MILWAUKEE -- Cutting services or reshaping a hospital's network? Milwaukee's St. Joseph Hospital is embroiled in controversy after it announced it will change the services it provides.
Ascension Wisconsin made the announcement public more than a week ago. Since then, it's been a stream of responses from city officials and those in the community.
"We have created our own problem by going to the suburbs for care and not going to the hospitals in our city," said Milwaukee Alderman Michael Murphy.
St. Joseph's Hospital prepares to limit its services to emergency care, women's care, the NICU, and primary care.
"If you let the central city die, you're going to be impacted," said Murphy.
Hospital officials said they're not cutting services at St. Joe's, but are re-shaping their entire system based on services needed and used the most.
"It's exceedingly frustrating when we have a situation like this when you have a nonprofit entity and it would appear the only thing guiding their decision making is profits," said Milwaukee Alderman Bob Donovan.
The move reflects a national trend of hospitals moving out of inner cities.
"This problem is beyond St. Joe's and beyond Ascension because the impact of St. Joe's decision will have a direct impact now on Aurora Sinai," Murphy said.
Aurora Health Care officials said the move will reduce or eliminate critical access points which will, "put additional pressure on other providers who are already at capacity. This pressure will undoubtedly have a negative domino impact on staffing and services for our entire community."
"They have a moral obligation to this community and we're asking them to abide by that," Donovan said.
Whether it's cuts or reshaping, change is on its way and it may just be a battle of words.
Milwaukee Mayor Tom Barrett said, any time you have fewer beds, people will be impacted. It is worth noting the Ascension network plans to hold a "community conversation" with members from City Hall in the near future about phase two of the project.
Statement from Ascension Wisconsin:
"Ascension St. Joseph is committed to maintaining the emergency department, OB/GYN and our Women's Health Department, our NICU, observation beds and to growing our primary care clinic," shared Bernie Sherry, Ministry Market Executive, Ascension Wisconsin. "This program of services represents a $150 million annual commitment. At the same time, our vision is to transform the St. Joe's campus into an urban health village that brings together partners to address social and community needs and spark economic investment in the Sherman Park neighborhood. We invite the public to talk with us to shape this innovative approach to community health and wellness together."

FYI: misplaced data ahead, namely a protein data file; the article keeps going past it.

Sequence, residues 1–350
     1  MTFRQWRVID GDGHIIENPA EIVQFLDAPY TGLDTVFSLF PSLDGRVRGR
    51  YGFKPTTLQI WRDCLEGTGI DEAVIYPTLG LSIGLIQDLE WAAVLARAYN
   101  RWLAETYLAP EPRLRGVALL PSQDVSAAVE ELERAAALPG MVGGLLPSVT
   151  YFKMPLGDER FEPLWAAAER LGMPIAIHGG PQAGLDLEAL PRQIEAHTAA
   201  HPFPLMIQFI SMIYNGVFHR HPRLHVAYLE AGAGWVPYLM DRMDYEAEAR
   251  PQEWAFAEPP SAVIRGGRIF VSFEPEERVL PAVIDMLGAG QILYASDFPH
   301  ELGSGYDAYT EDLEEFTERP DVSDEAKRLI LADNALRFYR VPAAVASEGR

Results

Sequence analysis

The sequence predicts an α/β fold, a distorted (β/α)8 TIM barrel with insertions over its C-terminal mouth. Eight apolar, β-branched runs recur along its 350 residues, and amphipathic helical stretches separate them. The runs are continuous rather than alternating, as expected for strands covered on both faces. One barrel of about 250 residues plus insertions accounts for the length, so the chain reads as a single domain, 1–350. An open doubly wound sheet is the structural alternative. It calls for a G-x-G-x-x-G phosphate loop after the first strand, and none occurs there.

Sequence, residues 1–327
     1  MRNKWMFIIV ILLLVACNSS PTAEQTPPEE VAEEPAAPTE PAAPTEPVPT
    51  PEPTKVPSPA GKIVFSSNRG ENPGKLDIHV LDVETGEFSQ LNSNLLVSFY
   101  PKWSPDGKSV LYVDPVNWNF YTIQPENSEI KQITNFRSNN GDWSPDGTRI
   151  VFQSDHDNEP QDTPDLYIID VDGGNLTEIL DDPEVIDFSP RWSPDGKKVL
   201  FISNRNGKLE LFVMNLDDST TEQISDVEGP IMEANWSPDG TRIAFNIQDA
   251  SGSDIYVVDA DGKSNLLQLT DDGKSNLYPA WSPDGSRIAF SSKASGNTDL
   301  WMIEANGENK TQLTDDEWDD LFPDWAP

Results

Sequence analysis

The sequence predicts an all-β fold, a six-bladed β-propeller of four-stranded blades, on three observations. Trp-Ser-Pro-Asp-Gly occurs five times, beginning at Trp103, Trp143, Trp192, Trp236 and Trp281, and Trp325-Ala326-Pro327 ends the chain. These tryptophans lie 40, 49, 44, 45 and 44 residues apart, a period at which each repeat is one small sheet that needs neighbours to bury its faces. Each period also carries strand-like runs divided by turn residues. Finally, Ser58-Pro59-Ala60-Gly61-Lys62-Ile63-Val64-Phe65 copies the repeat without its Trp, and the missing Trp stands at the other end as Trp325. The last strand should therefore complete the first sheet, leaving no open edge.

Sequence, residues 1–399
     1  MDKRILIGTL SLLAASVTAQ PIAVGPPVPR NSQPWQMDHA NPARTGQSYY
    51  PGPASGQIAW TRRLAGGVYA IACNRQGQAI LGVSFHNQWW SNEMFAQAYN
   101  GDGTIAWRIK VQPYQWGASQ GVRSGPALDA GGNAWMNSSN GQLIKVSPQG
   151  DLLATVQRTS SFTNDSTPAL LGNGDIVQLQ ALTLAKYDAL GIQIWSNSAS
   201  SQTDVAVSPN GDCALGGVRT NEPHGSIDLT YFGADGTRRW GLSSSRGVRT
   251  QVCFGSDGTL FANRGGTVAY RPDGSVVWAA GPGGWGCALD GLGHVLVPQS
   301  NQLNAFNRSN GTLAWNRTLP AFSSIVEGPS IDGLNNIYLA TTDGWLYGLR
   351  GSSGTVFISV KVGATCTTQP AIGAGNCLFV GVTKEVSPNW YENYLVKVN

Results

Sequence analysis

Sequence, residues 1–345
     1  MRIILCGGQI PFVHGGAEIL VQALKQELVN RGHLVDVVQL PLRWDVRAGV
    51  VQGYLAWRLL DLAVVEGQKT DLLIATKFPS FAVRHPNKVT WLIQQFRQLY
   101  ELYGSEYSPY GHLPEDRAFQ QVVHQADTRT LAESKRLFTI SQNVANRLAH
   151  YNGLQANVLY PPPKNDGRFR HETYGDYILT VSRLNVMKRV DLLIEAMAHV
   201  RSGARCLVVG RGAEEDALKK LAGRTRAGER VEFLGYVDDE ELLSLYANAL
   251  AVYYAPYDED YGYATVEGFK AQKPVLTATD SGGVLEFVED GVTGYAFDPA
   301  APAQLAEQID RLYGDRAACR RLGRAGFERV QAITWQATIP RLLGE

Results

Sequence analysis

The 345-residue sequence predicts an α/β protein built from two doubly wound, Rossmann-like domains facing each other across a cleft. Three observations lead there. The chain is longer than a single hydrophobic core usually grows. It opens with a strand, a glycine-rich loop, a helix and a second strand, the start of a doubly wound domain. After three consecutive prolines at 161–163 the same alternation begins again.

Statement from Froedtert Hospital:
"We were disappointed by the recent news of Ascension Wisconsin’s plans to significantly reduce services at its St. Joseph’s Hospital in Milwaukee. The hospital is an important safety net resource for city residents, and reducing services threatens the health status of that population and stresses other hospitals in the community.
"As partners in the Milwaukee Health Care Partnership, all of the health systems work together to assure access to care for medically underserved people in our community. Every change, especially one of this magnitude, has an impact on another part of the delivery system. It’s difficult to project the effect of Ascension’s plans for St Joseph’s without a detailed understanding of the scope of services that will remain on that campus, how the changes will be managed, how patients will be accommodated in the other Ascension hospitals and what choices patients will make about their care.
"Froedtert Hospital continues to experience high demand for both inpatient and emergency services, causing serious capacity constraints. The hospital often runs at between 90-95% capacity in medical-surgical care.
"We’re hopeful that Ascension will work with the Milwaukee Health Care Partnership to collaboratively assess the clinical, service and financial implications of its plans for St Joseph’s Hospital, with the goal of preserving patients’ access to the safest and highest quality care."
Statement from Aurora Health Care:
"In order to ensure all individuals have access to the top-quality health care they deserve, all providers must play a role. As not-for-profit health care providers, we have a duty and responsibility to put the well-being of patients first and to prioritize the best interests of our community, our patients and their families.
"Aurora has a long history of demonstrating this commitment to serving the needs of our community, yet it’s a duty that we are unable to fulfill alone. Reducing and eliminating these critical access points will put additional pressure on other providers who are already at capacity. This pressure will undoubtedly have a negative domino impact on staffing and services for our entire community.
"We are hopeful that in the coming weeks all providers will renew their commitment to serving our entire community – ensuring there are no disruptions in care and services."
Statement in part from Milwaukee Alderman Tony Zielinski:
"The recent news of hospital downsizing and service cuts by Ascension Wisconsin in Milwaukee is extremely troubling to me. By making these choices Ascension is exacerbating the health care disparity problem in Milwaukee, where there is already insufficient delivery of health care services in neighborhoods where people of color reside."